Know Comment: Kosher wines for Shushan Purim

To mark Purim in Jerusalem, I offer my semi-annual guide to good drinking of current kosher Israeli wines.

March 1, 2018 21:36
4 minute read.
A kosher winery in Israel.

A kosher winery in Israel.. (photo credit: REUTERS)


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To mark Purim in Jerusalem, I offer my semi-annual guide to good drinking of current kosher Israeli wines.

Any of these wines will do a fine job of blotting out the memory of Israel’s enemies such as Viceroy Haman or Ayatollah Khamenei, and in transporting your consciousness to the primordial Garden of Eden – where there is no confusion between good and evil, no darkness and daylight, and no hiding from responsibility.

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• Moti Shor’s Arza Winery has a label of quality wines called Hayotzer, under the supervision of French-born winemaker Philippe Lichtenstein. The 2014 “Winemaker’s Choice Virtuoso” Cabernet Sauvignon, and the Virtuoso Merlot in this same series, were scored 93 and 92 points, respectively, by Wine Enthusiast magazine and selected as “Editor’s Choice” wines. Bravo! I also like Hayotzer’s Lyrica Syrah 2012, aged for 24 months in French oak.

• Teperberg Winery’s mid-level Inspire series of wine continues to be a best buy recommendation. The Meritage (Cab-Merlot) blend is good and the Devotage (Malbec- Marselan) blend is outstanding – one of my favorites. When you can splurge for a special occasion, buy the high-end, award-winning Legacy Cabernet Franc, in the heavy bottle with a gold sash.

• Tabor Winery’s 2014 Malkiya is a smooth but expensive pure Cabernet Sauvignon (oaked for 24 months), as is Livni Winery’s Sdeh Calev 2012 Cabernet (oaked for 12 months). Livni’s vineyards near Hebron and Moshav Carmel are the most heavily fortified vineyards in the Land of Israel.

Local Arabs have sought to destroy his crop dozens of times.

• Jeff Morgan’s famous California-based Covenant Winery has now released some Israeli-produced wines, including a rich and firm 2015 and 2016 Syrah from the Tel Faris vineyards, and “Blue C Adom” Syrah-Cabernet.

They are a bit too high in alcohol for my taste (15.4%) and are expensive, but are round, smooth and worthwhile.

• Erez and Vered Ben-Saadon’s Tura Winery in Rehelim, near Nablus, is a highlight of any tour in Samaria. Its top-level wine is the Mountain Peak, blended from Bordeaux varietals grown on Har Bracha. Its newer Mountain Vista Rose is crisp, sweet and fruity; a pleasure for the summer months.

• Eli Wurtman and Josiah Rotenberg’s Bat Shlomo, a boutique winery overseen by Napa Valley winemaker Ari Erle (who also is working with Covenant in Israel), makes a buttery- smooth Chardonnay, and in some years a superb, full-bodied Bordeaux blend called Betty’s Cuvee. But the latter wine is hard to find.

• Amichai Luria’s Shiloh Winery has been well-awarded by Wine Spectator magazine for his wines. His Legend series 2014 “Fiddler” (a Petite Sirah-Petit Verdot-Shiraz blend) is round and satisfying, with a berry, chocolate and cigar nose.

• Dr. Shivi Drori’s Gvaot Winery has a flagship Cabernet blend, called Masada, sourced in vineyards that are 800 meters above sea level in the Ephraim and Samarian mountains. I recently tasted his experimental Jandali wine, too, which is one of the indigenous varietals from ancient times that Shivi is researching at his experimental micro-winery at Ariel University.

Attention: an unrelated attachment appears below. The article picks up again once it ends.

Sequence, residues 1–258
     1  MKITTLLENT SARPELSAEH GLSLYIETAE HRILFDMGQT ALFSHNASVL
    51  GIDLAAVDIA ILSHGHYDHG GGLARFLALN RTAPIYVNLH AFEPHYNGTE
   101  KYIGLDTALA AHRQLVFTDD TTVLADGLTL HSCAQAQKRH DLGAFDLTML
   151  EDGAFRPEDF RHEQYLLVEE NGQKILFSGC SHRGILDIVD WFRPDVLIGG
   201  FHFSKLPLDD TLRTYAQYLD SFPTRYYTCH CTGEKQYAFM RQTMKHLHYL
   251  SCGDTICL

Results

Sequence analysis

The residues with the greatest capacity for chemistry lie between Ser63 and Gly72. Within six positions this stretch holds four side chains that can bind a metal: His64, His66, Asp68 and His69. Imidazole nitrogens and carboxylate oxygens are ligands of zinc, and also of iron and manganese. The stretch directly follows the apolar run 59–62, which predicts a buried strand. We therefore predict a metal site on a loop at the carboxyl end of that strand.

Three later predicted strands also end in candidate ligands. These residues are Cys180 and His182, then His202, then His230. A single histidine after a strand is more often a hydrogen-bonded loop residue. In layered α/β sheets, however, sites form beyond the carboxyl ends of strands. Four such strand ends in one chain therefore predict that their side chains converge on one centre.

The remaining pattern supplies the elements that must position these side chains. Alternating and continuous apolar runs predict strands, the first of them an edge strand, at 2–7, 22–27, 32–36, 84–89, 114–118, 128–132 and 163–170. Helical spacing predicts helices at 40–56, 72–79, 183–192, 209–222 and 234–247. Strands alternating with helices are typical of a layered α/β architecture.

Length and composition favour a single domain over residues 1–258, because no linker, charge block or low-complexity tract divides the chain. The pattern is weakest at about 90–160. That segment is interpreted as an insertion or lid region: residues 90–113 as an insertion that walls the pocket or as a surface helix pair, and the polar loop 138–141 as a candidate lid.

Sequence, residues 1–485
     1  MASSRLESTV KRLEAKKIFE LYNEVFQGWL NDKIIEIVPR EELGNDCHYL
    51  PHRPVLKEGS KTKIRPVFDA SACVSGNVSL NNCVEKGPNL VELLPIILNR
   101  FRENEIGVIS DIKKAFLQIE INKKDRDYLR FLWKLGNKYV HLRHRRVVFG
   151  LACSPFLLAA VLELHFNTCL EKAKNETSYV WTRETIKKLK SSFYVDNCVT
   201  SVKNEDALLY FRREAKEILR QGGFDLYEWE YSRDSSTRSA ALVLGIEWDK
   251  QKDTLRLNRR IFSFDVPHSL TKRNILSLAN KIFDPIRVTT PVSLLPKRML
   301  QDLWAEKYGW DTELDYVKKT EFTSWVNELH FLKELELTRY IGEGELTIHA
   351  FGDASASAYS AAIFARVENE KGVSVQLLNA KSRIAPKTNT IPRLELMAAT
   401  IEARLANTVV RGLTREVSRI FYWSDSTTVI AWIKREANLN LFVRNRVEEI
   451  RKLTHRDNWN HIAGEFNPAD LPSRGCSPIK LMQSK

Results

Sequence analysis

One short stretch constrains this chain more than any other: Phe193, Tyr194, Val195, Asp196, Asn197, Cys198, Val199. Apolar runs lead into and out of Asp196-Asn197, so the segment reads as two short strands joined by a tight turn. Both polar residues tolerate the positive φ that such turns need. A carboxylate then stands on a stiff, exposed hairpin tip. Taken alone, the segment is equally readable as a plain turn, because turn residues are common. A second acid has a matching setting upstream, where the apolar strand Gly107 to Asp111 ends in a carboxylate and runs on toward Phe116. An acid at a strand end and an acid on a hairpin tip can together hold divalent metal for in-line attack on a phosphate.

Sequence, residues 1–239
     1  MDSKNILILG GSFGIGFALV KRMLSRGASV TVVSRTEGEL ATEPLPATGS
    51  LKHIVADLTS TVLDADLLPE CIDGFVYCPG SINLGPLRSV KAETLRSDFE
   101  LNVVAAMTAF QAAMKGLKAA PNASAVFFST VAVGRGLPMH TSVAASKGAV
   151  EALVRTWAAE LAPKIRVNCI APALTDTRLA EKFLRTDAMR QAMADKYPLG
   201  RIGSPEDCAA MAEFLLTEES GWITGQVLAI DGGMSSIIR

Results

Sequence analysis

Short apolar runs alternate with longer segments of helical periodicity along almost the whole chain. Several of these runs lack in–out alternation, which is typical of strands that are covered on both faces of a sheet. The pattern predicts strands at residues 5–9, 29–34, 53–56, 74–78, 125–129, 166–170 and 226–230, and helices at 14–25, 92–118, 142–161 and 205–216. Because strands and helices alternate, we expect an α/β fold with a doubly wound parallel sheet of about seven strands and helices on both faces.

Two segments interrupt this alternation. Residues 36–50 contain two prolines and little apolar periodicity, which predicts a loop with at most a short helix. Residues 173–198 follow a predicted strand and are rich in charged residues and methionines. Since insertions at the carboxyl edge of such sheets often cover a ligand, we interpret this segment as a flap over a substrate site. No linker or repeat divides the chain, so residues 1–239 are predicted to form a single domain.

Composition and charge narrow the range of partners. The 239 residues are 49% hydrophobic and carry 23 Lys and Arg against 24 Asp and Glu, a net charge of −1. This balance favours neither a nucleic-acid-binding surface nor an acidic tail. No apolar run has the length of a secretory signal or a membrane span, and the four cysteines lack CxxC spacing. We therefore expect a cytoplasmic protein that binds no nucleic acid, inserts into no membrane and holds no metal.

• Pierre Miodownick’s Domaine Netofa Winery in the Lower Galilee makes a great high-end pure Syrah wine called “Dor” (made from grapes grown in the Ein Dor Valley). His has the most stunningly appointed tasting room (in Mitzpe Netofa north of the Golani junction) and is definitely worth visiting.

• Ya’acov Berg’s Psagot Winery in Binyamin, north of Jerusalem, is set in a beautiful stone structure overlooking Wadi Kelt and the mountains of Jordan. I recommend his 2014 “Edom” Cab-Merlot blend, and the “Peak” blend of Rhone Valley varietals (Syrah, Petite Syrah, and Mourvedre).

• Binyamina Winery’s Chosen series – a play on words for the precious stones or avnei ha-choshen, in the High Priest’s magical breastplate – is one of my favorites, especially the Bordeaux blend called Yahalom (Diamond). The new 2014 Meirav Vineyard wine in this series (a blend of Petite Sirah, Marselan and Shiraz) is delicious too. They are beautifully boxed wines, available at reasonable prices.

• Eli Ben Zaken’s Domaine du Castel at Yad Hashmona in the Jerusalem Hills – the most beautiful winery in the country! – has a new series of light wines called “La Vie,” including a mildly oaked, easy-drinking red blend (Cabernet-Merlot-Petit Verdot) that I like very much. Rumor has it that Eli is starting another winery at his old location in Ramat Raziel to produce champagne.

• Finally, let me tell you about a superunique, non-Israeli wine: The first and only real icewine in the kosher world, made in Canada! Toby Berkel and Avi Gislason of Tzafona Cellars of the Niagara Peninsula have produced a true cold climate icewine, where the grapes are left to freeze on the winter vines before being crushed, certified kosher by the Kashruth Council of Canada (COR).

At first, Tzafona made a creamy-sweet, golden Vidal dessert ice wine, then a Cabernet Sauvignon icewine with a thinner texture and plum-raspberry hints. (I preferred the first wine).

• The Golan Heights makes a similar dessert wine, called Heightswine, by mechanically freezing picked grapes before crushing them. But there is nothing like Tzafona’s real icewine in the kosher world.

Purim Sameah!

The author is vice president of the Jerusalem Institute for Strategic Studies. His personal site is He drinks quality kosher wine wherever it is offered.

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